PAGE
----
Top doctors release a warning about alcohol: It dramatically increases cancer risk

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Drinking even one alcoholic drink per day is linked with a 5 percent increase in the risk of breast cancer, a 17 percent increase in the risk of oropharyngeal cancer (a cancer of the middle part of the throat) and a 30 percent increase in the risk of esophageal cancer, compared with not drinking, according to a 2013 study cited by the ASCO statement.

Even those who drink moderately, defined by the Centers for Disease Control as one daily drink for women and two for men, face almost a doubling of the risk for mouth and throat cancer and more than double the risk of squamous cell carcinoma of the esophagus, compared to nondrinkers.

Drinking alcohol, even a light or moderate amount, increases the risk of several common cancers, according to a leading group of cancer doctors.

"The more you drink, the higher the risk", said Dr. Clifford A. Hudis, the chief executive of ASCO.

For the statement, ASCO researchers reviewed earlier published studies and concluded that 5.5 percent of all new cancers and 5.8 percent of all cancer deaths worldwide could be attributed to alcohol. Fewer than one in three adults identified alcohol as a risk factor for cancer.

But if you drink more than that, all hope is not lost. They oppose it given the evidence that shows there exists a link between the consumption of alcohol and a higher risk of developing breast cancer.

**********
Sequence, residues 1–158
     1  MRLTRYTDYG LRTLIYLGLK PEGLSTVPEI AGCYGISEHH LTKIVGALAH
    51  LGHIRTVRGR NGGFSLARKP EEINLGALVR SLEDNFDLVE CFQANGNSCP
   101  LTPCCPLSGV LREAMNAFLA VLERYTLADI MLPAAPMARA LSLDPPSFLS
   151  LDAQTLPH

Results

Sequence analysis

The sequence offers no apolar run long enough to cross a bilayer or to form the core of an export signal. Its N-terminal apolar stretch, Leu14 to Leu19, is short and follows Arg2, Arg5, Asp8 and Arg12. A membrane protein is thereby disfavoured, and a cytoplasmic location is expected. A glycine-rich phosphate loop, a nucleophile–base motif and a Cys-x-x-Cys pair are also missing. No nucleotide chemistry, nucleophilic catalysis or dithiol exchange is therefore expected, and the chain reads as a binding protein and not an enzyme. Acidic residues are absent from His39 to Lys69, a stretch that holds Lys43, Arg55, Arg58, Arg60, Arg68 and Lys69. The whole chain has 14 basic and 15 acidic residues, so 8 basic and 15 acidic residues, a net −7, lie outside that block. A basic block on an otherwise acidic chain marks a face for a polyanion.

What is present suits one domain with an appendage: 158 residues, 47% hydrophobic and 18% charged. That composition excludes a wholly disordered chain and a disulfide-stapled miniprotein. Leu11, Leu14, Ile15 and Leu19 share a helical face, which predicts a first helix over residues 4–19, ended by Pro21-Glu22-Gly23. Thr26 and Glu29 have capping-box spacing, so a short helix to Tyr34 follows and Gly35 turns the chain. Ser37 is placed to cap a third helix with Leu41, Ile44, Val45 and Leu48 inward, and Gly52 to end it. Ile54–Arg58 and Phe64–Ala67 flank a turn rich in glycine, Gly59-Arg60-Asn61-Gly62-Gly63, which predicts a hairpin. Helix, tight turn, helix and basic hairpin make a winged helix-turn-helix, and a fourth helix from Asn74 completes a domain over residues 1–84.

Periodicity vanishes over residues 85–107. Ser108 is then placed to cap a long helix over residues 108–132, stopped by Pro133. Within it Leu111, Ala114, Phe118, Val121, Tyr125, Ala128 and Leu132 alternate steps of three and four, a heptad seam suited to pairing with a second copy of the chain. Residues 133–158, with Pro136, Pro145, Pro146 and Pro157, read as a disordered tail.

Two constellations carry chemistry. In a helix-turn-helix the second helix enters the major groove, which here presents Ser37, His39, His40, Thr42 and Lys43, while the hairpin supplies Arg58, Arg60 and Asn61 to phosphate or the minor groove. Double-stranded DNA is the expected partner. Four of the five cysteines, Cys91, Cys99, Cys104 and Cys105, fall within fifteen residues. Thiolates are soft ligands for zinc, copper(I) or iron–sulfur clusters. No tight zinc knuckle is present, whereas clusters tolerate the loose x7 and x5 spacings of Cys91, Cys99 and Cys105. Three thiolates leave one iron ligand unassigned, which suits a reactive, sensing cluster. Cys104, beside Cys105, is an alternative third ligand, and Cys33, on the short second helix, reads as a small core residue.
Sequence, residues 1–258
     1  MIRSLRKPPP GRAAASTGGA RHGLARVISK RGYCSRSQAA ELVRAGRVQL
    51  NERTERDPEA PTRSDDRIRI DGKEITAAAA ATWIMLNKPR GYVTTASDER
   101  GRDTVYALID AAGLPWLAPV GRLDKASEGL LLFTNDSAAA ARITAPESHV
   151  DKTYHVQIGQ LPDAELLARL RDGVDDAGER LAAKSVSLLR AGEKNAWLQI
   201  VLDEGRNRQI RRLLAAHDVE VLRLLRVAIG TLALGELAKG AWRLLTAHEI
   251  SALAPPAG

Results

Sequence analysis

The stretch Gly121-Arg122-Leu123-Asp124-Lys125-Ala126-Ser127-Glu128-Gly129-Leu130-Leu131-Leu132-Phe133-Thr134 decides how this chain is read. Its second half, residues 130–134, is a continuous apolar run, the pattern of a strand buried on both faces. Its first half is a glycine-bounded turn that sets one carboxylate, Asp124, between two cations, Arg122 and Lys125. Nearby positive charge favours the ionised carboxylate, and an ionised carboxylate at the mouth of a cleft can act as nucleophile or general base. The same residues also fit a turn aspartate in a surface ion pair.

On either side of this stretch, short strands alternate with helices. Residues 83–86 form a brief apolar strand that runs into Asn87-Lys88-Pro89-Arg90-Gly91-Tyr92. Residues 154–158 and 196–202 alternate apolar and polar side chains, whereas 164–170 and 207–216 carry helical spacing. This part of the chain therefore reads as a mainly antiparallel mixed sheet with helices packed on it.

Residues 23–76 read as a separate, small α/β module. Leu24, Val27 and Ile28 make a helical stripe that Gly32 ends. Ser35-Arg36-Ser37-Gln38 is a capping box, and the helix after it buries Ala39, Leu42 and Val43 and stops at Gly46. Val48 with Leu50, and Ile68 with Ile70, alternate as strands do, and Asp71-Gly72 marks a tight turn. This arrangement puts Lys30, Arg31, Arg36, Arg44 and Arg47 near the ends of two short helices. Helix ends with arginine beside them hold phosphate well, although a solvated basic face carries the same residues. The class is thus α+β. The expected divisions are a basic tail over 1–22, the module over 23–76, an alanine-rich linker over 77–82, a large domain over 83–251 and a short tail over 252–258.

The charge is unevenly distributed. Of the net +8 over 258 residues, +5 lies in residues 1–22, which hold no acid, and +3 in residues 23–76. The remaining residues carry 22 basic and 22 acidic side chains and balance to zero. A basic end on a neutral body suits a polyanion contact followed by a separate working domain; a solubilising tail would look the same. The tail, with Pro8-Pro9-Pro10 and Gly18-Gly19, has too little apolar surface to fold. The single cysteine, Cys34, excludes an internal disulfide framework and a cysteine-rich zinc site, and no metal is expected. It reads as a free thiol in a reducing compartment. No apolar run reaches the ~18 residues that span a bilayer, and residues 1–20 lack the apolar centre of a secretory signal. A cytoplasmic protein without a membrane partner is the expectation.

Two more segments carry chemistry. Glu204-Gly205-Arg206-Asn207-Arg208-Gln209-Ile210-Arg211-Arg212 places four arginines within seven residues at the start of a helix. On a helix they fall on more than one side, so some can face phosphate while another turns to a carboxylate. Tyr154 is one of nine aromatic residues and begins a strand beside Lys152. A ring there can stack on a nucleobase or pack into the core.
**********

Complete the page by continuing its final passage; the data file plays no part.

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Many people may not recognize the link between alcohol and cancer, Ashton said, and thus may be missing out on an opportunity to lower cancer risk factors.

For people who choose to drink alcohol, the Centers for Disease Control and Prevention recommends that men consume no more than two drinks per day and women consume no more than one drink per day to reduce the risk of alcohol-related harms, including cancer.

There has been some debate over whether alcohol itself, or other elements come the compositions of various alcoholic beverages are cancer-causing.

"With alcohol we are not saying don't drink ever".

"With colon cancer, alcohol seems to interfere with the way folate is absorbed, which is a known precursor in the path to developing cancer in the colon", LoConte said to CTV News. The connection between rising alcohol intake and cancer has been substantially confirmed. She says this "subtle" take on the issue is somewhat less cautionary than the warnings about smoking.

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